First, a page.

What does your body think of the new fibro diet? It might say, take changes slowly. If you change your pets diets suddenly, you are asking for trouble, yes? Maybe you are the same? Lots of naturopaths are claiming the organic diet is healing. Is this something you could afford? Does it resonate with you that sprayed food, that kills bugs on the plant, might be killing your gut bugs too?

Learn to filter out the voices that will like to pick at you. You will get lots of advice that will be 'the cure' Some of it is likely healthy advice, but a cure? For Fibro? Don't hold your breath.

While we are waiting for the answer, I think to try to keep healthy is important. Eating for comfort wont help. Getting too down to look after ourselves just makes fibro worse.

Beware of extreme advice. Extreme diets. I think balance is important. Not everyone can be a vegan. There is no shame to admit, a regime doesn't suit.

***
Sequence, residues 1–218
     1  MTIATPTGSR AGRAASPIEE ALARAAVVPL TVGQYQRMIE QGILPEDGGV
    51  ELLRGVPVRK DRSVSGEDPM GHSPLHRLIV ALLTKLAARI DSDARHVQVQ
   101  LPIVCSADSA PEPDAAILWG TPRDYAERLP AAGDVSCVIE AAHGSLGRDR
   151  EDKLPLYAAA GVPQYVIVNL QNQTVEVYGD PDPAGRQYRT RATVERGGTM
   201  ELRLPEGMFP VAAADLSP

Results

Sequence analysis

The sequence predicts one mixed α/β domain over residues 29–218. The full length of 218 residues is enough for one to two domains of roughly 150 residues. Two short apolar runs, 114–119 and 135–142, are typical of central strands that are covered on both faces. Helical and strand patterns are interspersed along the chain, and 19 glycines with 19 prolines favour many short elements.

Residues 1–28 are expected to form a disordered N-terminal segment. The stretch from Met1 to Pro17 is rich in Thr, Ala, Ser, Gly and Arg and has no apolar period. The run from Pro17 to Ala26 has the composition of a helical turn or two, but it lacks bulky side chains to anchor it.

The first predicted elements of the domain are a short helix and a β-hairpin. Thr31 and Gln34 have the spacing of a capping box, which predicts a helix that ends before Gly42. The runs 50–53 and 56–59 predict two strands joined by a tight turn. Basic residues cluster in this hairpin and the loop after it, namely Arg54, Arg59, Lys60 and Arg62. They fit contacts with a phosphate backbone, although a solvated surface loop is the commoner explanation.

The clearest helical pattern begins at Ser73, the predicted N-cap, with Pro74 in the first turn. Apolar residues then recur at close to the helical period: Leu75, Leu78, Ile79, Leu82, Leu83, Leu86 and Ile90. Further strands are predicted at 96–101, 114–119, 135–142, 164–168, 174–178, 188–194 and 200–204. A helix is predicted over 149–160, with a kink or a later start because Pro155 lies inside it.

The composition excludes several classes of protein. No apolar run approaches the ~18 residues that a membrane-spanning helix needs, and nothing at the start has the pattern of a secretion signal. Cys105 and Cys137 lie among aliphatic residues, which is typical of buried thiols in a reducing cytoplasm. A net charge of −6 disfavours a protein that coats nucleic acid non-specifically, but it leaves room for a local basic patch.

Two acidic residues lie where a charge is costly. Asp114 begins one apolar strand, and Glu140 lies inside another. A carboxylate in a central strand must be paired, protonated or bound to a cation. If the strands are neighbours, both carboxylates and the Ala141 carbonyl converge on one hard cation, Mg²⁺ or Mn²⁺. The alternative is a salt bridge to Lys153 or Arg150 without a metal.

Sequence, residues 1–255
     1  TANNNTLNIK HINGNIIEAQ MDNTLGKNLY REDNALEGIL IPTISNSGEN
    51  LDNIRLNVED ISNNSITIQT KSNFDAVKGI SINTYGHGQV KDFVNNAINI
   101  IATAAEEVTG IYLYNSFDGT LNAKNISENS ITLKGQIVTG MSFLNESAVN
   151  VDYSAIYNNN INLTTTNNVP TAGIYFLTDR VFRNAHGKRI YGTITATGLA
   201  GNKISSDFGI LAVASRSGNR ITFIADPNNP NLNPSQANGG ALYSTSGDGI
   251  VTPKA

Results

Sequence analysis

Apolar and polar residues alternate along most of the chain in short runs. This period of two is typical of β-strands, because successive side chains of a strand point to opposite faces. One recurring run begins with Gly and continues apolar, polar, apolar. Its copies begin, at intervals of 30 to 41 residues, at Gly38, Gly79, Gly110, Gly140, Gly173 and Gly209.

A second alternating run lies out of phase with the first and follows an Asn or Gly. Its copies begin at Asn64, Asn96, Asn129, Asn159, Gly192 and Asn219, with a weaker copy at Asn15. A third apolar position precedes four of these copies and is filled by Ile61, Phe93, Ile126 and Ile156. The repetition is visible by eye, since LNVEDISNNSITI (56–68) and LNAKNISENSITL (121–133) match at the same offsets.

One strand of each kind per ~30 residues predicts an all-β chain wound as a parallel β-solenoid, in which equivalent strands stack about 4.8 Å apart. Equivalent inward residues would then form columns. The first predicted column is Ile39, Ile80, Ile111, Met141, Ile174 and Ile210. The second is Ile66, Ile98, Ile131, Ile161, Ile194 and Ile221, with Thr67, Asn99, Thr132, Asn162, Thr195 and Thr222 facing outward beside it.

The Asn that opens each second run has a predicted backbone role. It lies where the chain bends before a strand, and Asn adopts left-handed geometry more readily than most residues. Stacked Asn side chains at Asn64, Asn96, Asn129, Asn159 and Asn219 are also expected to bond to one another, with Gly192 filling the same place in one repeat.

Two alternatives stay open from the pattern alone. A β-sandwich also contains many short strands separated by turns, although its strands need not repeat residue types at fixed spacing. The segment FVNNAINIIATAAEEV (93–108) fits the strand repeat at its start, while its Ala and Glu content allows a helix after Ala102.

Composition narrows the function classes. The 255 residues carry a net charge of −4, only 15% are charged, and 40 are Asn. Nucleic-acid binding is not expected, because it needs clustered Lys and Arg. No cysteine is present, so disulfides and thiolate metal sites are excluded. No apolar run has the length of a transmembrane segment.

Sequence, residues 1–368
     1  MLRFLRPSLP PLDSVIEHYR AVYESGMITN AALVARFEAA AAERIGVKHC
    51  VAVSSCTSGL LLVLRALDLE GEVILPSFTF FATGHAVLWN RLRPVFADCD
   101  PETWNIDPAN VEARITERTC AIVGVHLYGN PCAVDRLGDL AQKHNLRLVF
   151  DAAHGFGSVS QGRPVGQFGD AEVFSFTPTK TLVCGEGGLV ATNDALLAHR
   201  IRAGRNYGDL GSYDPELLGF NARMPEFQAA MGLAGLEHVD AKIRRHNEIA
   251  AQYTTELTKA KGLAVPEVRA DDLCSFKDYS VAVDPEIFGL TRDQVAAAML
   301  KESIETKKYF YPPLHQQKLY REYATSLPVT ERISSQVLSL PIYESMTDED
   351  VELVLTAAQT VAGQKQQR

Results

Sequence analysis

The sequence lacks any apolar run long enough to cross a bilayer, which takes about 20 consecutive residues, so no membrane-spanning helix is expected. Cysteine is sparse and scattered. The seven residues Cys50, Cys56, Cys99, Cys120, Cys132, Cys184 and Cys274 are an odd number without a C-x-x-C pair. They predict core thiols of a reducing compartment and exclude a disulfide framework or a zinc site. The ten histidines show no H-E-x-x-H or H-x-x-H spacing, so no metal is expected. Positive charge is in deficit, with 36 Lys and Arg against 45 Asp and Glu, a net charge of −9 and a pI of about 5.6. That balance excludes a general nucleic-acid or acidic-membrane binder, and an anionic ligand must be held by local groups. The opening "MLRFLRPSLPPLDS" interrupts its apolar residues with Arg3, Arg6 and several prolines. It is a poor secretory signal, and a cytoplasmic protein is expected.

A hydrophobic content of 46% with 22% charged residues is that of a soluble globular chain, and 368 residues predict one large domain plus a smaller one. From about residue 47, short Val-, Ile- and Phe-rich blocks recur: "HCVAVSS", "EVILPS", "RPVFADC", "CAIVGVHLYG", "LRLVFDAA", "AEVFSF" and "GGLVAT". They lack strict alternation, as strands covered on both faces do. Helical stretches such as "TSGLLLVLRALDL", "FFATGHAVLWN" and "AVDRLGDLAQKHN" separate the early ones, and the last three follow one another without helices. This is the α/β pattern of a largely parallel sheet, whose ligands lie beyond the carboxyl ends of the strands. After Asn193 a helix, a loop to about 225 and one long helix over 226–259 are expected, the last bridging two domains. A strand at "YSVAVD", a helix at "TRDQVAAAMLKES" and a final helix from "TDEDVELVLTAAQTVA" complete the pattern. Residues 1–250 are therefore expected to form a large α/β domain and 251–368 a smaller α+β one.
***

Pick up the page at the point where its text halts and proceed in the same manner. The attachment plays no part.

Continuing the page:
I think for me, I need to at least try to eat healthy. Keep moving. Do what I can do. Drink water. Stay away from junk, sweeteners, sugar. They are addictive and likely harmful. Worse, they leave little space for eating anything nutritious.

Reseed your tum with quality probiotics. And feed em with veg n fibre. Today the advice is for everyone to eat more fibre. That is what's healthy. No word of caution, that not every tum can ad-lib their fibre. Your body needs to tell you what is good for it.